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Serotonin and Noradrenaline reuptake inhibitors (SNRIs)

Duloxetine and Venlafaxine are two medications that may be appropriate for the right patient after a clinical assessment by your pain team. These medications are in a group called “Serotonin and Noradrenaline reuptake inhibitors,” or SNRIs for short. These medications were originally designed to treat depression and anxiety – and you may find that it says ‘depression or anxiety’ on the box.

But these are not the primary reasonswe use these medications in pain medicine. We know that when someone experiences pain, there are several body systems involved. While there are some neurotransmitters in our body that worsen pain experience (some ofthese are called glutamate, substance-P and CGRP), there are other neurotransmitters that can dampen or reduce pain.

Serotonin, and particularly noradrenaline, are two neurotransmitters that research suggests can help reduce pain. We also know that some people experiencing pain for more than 12 weeks start to produce less of these helpful neurotransmitters. Unfortunately, there is no blood test to know if you are deficient in these neurotransmitters or not. So, if you are deficient, these medications may help. If you are not deficient, then they are less likely to be helpful.

We know that if we give duloxetine or venlafaxine to four people with pain (particularly nerve-type pain), then one of those people will get areduction in pain of more than 50%. Others may get the lesser benefit, and some may have no benefit at all. This is why we may suggest you try one of these medications to see if it works for you. If it does not work, then we suggest reducing and ceasing it again. If it does work, then you can decide if it works well enough that you are happy to continue taking the medication, but our job is to give you the education and power to make these decisions yourself and weigh up the benefits and negatives.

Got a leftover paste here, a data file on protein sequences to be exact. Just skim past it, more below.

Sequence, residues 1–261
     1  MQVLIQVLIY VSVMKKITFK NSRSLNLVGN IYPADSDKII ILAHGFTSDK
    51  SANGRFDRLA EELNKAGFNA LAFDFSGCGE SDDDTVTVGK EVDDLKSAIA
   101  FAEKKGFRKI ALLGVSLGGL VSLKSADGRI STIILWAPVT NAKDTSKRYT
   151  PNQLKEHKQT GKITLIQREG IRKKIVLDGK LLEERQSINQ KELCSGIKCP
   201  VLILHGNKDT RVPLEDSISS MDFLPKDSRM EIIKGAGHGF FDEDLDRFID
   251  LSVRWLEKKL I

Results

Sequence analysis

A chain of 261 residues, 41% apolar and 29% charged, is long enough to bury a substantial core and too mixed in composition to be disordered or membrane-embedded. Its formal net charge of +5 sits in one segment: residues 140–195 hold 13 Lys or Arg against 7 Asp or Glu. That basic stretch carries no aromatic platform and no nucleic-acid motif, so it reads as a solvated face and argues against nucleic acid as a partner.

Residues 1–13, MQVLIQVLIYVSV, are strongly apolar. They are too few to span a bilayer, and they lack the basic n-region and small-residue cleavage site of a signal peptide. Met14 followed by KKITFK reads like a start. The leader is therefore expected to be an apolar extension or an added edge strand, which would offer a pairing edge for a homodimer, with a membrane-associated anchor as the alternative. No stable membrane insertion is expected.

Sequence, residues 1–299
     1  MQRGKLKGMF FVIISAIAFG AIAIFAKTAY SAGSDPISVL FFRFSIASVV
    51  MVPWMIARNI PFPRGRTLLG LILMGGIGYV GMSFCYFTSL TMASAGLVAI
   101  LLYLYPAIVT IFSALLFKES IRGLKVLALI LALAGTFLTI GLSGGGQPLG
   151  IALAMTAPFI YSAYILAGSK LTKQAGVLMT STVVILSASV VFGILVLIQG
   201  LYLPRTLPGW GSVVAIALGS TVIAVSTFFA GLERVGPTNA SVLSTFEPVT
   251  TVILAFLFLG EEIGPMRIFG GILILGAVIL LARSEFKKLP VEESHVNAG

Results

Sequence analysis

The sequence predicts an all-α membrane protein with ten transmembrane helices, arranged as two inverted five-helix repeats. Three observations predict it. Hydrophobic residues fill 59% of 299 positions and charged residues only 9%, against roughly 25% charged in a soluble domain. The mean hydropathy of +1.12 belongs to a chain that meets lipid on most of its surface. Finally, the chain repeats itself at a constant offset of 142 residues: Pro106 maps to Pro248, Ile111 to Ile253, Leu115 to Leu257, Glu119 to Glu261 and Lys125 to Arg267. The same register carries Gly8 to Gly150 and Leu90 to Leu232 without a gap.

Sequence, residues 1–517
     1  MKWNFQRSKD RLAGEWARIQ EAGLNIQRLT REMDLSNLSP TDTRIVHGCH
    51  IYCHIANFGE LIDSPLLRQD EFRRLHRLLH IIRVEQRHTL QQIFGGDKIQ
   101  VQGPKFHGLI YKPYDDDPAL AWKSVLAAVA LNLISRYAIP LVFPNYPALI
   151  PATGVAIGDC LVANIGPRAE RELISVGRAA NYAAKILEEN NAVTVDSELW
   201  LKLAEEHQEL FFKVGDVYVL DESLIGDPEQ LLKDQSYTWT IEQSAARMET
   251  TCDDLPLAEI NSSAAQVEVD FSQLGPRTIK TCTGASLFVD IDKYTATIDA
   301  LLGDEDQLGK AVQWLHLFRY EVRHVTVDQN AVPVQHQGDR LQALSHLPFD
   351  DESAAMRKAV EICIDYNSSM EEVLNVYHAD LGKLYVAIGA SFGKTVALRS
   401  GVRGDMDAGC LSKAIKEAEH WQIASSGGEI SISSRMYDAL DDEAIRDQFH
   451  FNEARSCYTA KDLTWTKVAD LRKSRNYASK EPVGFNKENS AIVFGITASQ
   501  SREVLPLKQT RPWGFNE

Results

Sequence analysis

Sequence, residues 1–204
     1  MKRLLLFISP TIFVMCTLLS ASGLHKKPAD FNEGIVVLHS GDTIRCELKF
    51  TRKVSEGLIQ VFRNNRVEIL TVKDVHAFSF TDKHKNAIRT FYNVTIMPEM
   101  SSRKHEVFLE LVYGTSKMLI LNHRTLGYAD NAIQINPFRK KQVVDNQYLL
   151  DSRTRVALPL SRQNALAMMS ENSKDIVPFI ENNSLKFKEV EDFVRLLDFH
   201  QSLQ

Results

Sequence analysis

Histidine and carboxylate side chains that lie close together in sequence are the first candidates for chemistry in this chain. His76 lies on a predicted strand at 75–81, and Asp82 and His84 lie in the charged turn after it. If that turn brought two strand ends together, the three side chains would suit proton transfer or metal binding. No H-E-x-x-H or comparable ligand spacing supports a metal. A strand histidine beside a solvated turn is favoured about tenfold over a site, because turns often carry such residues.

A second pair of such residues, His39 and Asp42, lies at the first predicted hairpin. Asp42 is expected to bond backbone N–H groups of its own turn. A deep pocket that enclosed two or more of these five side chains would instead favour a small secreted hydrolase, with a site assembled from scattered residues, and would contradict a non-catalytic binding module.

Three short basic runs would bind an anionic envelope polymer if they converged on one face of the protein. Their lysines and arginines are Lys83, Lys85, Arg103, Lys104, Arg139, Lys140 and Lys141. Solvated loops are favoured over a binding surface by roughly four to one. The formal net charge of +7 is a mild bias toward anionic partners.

While there are often benefits, there can be side effects. Commonly people experience nausea for the first few days when taking the medication – but this often settles by the end of one week. Other people may experience sleep changes – more or less sleep. This often also settles. These medications are classed as weight neutral – however, as everyone is different, some people may gain or lose small amounts of weight.

If you decide to try the medication, you need to give it 4-6 weeks to work. As it very slowly increases the serotonin andnoradrenaline in your body synapses (the nerve connections), you need to let it do its work. Often, we need to go up in dose at ~4 weeks to get a better response. For example, with duloxetine, most people get benefits between 60-120 mg, but we start at 30 mg to ensure people are comfortable with the medication and any side effects are minimized. If you have further questions, there is more information below and please feel free to discuss this further with your pain team or your GP.

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